Review by Lilly O’Donnell
By naming his collection of short stories after one of the seminal philosophical texts of the last two thousand years, Gabriel Blackwell set the bar so high you’d need a telescope to see it.
In the original Critique of Pure Reason, Immanuel Kant sought to determine how much is knowable through reason alone, divorced from the evidence of past experience. He challenged the very idea of a priori knowledge, or what we think we already know, arguing that just because something happens the same way ten thousand times doesn’t mean it will necessarily happen the same way the ten-thousand-and-first time.
In this collection, Blackwell sets out to follow Kant’s logic to its literary conclusion. He reduces his stories to their most essential, knowable levels. By stripping them of the details that authors usually use to telegraph meaning through shared experience, accepted symbols or cultural/literary references, Blackwell forces readers to approach the page without any a priori conceptions. He tells a love story as a math problem, reduces an account of torture to a transcript, a play to a list of characters and their motivations. By silencing the static of literary tropes, characters or story lines that might remind readers of other things they’ve read and therefore set up expectations, Blackwell attempts to challenge the way we read a story in the same way Kant challenged the way we perceive the world, the number of assumptions we bring to any experience.
The philoso-literary experiment of Blackwell’s collection was most successful in a piece that consists of a description of a photograph that’s never shown. The description is meticulously, obsessively detailed, but is also convoluted and seems to contradict itself. Following along becomes a mental exercise for the reader trying to conjure a clear image of the photograph, and since the description meanders and doubles back on itself, the reader can’t skip ahead and fill in the blanks but has to build the image step by step along with the writing. It makes the reader slow down and think about their own reading, the conclusions they’re drawing and assumptions they’re making along the way.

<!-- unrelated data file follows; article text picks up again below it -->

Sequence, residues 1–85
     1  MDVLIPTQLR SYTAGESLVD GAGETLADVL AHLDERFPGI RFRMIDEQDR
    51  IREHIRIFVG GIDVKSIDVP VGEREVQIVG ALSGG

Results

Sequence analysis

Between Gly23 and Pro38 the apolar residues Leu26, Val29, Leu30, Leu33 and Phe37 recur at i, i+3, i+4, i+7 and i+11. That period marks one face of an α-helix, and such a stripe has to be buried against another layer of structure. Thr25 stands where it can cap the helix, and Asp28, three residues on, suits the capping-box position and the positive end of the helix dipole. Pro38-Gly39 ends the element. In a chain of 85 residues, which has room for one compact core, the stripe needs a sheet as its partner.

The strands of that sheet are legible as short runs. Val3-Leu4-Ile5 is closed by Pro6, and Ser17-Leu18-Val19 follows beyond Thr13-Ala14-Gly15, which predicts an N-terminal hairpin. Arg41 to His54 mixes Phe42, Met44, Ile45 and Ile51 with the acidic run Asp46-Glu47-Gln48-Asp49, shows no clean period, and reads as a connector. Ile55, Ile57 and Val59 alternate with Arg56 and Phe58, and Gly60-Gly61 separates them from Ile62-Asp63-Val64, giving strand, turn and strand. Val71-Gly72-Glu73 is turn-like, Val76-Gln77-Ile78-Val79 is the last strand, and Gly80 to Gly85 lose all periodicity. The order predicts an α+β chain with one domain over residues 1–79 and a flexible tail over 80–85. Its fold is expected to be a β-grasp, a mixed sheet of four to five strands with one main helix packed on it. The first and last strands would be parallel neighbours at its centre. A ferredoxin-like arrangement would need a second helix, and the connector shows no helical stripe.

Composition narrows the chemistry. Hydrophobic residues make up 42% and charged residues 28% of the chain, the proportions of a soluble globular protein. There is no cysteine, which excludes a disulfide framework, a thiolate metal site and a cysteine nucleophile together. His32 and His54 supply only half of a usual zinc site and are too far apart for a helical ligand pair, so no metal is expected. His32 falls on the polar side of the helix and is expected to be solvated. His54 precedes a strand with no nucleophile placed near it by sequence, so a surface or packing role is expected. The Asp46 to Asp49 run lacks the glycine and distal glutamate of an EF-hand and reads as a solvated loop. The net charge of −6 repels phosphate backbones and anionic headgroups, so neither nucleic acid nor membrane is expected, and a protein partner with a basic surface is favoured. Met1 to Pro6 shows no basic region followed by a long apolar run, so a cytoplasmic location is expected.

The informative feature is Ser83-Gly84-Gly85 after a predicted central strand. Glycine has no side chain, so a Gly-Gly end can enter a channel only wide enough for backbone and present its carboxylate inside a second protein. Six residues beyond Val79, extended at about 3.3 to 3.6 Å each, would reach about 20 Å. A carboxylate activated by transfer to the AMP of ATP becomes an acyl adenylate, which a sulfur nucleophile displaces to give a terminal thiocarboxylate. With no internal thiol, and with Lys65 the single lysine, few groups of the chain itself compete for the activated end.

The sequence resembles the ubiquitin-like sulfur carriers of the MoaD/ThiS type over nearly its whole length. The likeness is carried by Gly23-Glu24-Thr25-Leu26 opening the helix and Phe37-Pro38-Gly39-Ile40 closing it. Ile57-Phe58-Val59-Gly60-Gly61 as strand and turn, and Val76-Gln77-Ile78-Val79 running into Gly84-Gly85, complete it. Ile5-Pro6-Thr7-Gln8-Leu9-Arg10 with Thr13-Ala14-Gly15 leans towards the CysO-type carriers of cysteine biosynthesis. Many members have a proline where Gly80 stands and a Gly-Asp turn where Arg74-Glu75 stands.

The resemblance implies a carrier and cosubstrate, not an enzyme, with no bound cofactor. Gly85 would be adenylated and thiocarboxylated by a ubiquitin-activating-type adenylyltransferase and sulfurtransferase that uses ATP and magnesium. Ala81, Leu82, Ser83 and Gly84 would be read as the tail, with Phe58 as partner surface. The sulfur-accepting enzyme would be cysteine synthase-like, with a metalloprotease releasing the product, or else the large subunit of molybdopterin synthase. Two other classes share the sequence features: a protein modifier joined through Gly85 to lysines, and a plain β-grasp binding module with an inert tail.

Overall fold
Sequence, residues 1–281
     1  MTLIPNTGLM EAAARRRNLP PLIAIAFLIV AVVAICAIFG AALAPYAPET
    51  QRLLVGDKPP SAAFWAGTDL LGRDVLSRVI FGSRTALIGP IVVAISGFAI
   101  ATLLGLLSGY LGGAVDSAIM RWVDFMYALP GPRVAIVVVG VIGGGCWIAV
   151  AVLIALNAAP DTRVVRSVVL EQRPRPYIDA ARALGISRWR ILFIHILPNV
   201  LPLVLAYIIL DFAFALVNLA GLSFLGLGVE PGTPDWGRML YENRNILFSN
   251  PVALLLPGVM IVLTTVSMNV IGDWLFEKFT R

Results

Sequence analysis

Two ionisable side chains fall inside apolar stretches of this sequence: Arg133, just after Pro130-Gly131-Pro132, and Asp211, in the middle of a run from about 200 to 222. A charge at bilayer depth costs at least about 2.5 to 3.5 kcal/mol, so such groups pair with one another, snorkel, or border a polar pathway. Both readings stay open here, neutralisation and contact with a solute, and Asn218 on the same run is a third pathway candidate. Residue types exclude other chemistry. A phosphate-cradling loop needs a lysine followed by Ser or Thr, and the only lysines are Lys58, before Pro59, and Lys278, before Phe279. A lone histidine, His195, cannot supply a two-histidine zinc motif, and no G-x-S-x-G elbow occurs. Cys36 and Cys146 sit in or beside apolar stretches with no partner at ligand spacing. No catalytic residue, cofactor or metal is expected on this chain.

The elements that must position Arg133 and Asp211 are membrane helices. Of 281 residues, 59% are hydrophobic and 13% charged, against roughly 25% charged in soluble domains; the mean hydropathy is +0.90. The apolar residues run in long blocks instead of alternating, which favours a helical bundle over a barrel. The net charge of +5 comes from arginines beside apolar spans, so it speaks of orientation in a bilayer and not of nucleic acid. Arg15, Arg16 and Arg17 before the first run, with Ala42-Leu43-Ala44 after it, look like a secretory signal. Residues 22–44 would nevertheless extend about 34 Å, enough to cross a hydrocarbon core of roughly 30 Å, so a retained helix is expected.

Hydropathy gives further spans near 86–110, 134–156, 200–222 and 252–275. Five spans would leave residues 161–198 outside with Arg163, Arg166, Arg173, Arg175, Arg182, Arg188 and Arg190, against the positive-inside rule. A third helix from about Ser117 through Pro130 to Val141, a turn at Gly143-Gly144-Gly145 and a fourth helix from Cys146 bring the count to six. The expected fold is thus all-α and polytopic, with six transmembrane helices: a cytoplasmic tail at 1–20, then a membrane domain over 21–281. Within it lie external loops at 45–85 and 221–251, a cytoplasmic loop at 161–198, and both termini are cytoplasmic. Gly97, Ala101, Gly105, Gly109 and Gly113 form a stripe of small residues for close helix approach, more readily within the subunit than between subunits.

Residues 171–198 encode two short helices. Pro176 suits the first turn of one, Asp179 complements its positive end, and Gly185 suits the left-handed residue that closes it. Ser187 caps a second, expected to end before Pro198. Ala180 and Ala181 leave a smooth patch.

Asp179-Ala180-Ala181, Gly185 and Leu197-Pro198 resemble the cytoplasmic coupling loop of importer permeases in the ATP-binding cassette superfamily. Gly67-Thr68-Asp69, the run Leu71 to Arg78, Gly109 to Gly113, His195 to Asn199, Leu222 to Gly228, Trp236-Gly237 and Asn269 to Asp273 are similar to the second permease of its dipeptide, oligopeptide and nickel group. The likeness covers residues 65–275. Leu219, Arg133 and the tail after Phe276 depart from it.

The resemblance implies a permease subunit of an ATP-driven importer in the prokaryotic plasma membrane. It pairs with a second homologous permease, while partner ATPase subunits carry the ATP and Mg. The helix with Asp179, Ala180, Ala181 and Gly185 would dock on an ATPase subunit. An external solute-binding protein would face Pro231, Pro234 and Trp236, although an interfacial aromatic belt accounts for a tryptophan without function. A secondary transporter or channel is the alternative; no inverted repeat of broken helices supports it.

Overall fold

Telling stories from a remove, through documents or notations, has the potential to abstract the subjects in a way that could make them clearer. It’s like the classic art class assignment of turning an image upside down to copy it, so that rather than drawing your a priori, preconceived concept of a face or a tree, you draw the shapes as you actually see them.
That clever extension of Kant’s philosophical principle seems to be at the heart of this collection, and it’s an admirable undertaking, but Blackwell doesn’t quite accomplish the mind-bending, a priori knowledge-challenging affect he seems to be going for. Somewhere along the way Blackwell loses sight of the great potential of his premise to serve as a foundation for great writing, and gets distracted playing with the device itself. In a way, Critique of Pure Reason reads more like a series of experiments, a book of templates for cheeky ways to tell stories, than like an actual collection of complete, finished stories.
Instead of serving as a starting point for the work, the clever idea is presented unadorned, as if its presence is enough to inspire adoration, rather like a date stripping naked upon entering your apartment without waiting for lights to be dimmed and wine to be poured.
These stories might have worked better if served up one at a time rather than together in a collection—there’s a fine line between cohesiveness and redundancy. Once the reader has figured out the game that Blackwell is playing they’re left wondering what more there is. The literary extension of Kant is fascinating, bold and clever in each story, but when they’re read one after another the luster fades with each new installment so that even a reader who’s excited and inspired during the first piece is likely to be frustrated and bored by the last, wondering why the same note is being played yet again, that sky-high bar still far out of sight.
Lilly O’Donnell is a freelance writer and a Girls Write Now mentor. She’s currently working on her first book, a work of personal nonfiction.